new life form for Latin?

Anne Marie Hamilton AHami93942 at AOL.COM
Fri May 10 19:31:55 UTC 2002

I don't want to suggest that Latin lives again, but I came across a phrase that surprised me. Generally I think of Latin changing only lexically, and then only by the addition of terms of classification.  Just today, a friend of mine who is a biochemist showed me the following quote from a scientific paper: "We have recently been able to identify both _in silico_ and experimentally the replication origin of the archaeon P.abyssi..."  The phrase within the underline marks was italicized in the original text.  The quote refers to the authors' discovery of the gene responsible for replication of the microorganism Pyrococcus abyssi, which live only in boiling water at ocean vents.  My friend had never seen _in silico_ used before, but was instantly able to interpret it to mean "to do an experiment in the computer" the same way _in vitro_ means "in the bottle" and _in vivo_ means "in the body."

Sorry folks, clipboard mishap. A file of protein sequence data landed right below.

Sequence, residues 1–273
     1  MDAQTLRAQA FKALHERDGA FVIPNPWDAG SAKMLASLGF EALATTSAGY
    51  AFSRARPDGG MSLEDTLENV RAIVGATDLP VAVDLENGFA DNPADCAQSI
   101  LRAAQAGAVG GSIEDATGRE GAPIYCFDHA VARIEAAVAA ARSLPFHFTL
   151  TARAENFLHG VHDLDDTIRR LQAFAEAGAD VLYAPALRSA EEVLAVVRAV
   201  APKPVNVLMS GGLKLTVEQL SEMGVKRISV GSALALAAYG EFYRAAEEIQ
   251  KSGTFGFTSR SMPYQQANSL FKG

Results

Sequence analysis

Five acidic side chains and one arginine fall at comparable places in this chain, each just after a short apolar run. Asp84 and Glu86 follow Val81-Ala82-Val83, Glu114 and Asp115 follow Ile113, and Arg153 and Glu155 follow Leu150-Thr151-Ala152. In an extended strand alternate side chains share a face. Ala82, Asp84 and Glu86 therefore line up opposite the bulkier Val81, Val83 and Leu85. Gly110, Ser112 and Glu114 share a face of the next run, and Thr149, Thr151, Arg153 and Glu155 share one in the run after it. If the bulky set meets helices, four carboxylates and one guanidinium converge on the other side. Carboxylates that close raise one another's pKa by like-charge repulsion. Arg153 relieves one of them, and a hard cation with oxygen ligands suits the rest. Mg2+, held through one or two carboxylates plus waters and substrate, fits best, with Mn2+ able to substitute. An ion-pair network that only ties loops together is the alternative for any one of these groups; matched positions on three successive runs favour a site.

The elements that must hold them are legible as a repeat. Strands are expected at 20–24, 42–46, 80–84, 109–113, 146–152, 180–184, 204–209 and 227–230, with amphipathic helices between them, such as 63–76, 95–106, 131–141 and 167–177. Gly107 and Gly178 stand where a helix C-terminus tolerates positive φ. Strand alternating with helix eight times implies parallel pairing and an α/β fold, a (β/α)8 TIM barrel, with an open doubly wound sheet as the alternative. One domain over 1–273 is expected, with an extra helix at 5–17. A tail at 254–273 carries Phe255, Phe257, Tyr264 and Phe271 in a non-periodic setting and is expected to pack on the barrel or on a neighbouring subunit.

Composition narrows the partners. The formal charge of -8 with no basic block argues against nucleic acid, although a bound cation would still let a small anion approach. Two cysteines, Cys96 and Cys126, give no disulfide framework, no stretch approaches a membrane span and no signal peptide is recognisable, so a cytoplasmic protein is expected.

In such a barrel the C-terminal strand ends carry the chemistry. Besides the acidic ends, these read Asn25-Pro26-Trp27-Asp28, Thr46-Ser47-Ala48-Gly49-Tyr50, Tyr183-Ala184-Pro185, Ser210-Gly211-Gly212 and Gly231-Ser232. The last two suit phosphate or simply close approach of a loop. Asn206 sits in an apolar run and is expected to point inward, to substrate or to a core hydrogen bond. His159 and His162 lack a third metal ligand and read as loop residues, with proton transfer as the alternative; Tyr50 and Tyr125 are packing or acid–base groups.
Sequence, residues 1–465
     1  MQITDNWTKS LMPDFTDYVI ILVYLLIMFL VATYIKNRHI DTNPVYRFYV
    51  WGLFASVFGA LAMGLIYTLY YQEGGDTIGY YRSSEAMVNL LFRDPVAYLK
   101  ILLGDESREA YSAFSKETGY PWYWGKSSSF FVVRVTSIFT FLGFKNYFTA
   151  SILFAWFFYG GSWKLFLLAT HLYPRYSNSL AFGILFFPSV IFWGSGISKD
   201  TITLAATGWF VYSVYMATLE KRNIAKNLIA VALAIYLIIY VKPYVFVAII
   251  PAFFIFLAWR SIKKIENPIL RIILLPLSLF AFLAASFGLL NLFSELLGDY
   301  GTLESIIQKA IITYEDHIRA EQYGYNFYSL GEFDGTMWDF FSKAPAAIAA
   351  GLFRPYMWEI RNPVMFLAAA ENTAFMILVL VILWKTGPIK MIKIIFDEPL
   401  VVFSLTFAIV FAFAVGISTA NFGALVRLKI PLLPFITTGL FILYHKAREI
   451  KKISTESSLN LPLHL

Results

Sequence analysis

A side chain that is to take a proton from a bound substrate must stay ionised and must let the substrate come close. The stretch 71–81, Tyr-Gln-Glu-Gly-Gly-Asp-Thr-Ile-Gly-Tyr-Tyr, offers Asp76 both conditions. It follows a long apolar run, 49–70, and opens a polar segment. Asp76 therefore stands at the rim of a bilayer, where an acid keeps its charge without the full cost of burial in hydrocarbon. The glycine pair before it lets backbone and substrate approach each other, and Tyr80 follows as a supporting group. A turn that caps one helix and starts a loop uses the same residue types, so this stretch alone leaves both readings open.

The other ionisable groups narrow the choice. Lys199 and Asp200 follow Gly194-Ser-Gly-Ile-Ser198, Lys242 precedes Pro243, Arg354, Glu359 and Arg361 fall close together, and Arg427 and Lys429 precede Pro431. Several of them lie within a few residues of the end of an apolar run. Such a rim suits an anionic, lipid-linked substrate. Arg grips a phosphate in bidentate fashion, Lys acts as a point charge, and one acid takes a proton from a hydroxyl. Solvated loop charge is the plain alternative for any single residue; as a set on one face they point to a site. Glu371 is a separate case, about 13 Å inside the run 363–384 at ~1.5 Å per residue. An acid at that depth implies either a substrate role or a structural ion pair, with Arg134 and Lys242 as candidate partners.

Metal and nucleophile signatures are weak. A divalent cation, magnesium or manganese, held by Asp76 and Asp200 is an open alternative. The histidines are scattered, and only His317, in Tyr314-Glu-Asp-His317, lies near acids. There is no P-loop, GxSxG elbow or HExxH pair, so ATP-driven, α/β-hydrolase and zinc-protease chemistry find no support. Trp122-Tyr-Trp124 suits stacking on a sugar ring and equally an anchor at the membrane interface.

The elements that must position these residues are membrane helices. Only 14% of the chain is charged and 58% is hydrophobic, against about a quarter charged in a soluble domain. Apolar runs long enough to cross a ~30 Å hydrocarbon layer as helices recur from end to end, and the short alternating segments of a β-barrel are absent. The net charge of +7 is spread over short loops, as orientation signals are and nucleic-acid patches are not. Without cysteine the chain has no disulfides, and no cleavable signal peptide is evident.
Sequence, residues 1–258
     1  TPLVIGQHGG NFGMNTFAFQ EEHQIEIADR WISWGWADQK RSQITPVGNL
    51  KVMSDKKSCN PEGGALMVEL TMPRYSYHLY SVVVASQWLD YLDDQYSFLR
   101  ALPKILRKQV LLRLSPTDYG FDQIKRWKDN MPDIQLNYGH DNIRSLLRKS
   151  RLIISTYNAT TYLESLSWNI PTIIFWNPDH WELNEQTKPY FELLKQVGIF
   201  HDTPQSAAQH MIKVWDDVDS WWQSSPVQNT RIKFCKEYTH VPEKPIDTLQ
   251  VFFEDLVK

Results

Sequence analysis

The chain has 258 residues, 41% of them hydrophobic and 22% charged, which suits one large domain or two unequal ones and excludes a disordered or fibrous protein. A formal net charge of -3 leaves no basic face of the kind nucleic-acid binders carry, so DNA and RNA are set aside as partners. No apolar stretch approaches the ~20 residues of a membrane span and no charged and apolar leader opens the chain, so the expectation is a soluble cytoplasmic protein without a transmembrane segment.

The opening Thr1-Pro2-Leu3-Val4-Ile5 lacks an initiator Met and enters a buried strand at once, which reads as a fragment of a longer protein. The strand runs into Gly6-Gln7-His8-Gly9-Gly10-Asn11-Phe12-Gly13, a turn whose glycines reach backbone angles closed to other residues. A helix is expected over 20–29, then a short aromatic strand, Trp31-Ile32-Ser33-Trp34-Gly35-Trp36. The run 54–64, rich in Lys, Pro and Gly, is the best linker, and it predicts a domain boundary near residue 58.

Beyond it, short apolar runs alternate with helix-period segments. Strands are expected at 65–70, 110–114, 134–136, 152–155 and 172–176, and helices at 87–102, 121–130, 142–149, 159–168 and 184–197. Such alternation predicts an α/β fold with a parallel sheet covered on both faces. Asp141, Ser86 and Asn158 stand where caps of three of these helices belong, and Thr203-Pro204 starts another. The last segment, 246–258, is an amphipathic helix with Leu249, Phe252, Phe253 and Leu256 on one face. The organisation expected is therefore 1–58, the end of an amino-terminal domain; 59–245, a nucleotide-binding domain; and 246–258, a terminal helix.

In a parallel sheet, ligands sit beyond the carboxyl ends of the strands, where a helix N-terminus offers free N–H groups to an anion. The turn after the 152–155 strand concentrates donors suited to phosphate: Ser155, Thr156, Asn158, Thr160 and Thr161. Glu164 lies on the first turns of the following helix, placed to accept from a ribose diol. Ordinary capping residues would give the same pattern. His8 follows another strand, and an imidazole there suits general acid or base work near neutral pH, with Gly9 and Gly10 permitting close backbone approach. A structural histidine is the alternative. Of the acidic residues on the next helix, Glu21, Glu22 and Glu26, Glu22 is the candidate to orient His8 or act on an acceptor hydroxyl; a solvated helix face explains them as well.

Well, it is obvious that the terms _in vivo_ and _in vitro_ have to have some modern origin, but it still impresses me that a scientist has adapted Latin to the computer age.  I doubt the term originates in the paper I reference.  It strikes me as slang/jargon.  I just wouldn't expect Latin to go in that direction, at least not in a serious manner.  Any similar experiences?  (See for yourself: Zivanovic, Yvan, Philippe Lopez, Herve Philippe and Patrick Forterre. Pyrococcus genome comparison evidences chromosome shuffling-driven evolution. _Nucleic Acids Research_, 2002, Vol. 30, No. 9)

Anne Marie Hamilton
University of Georgia

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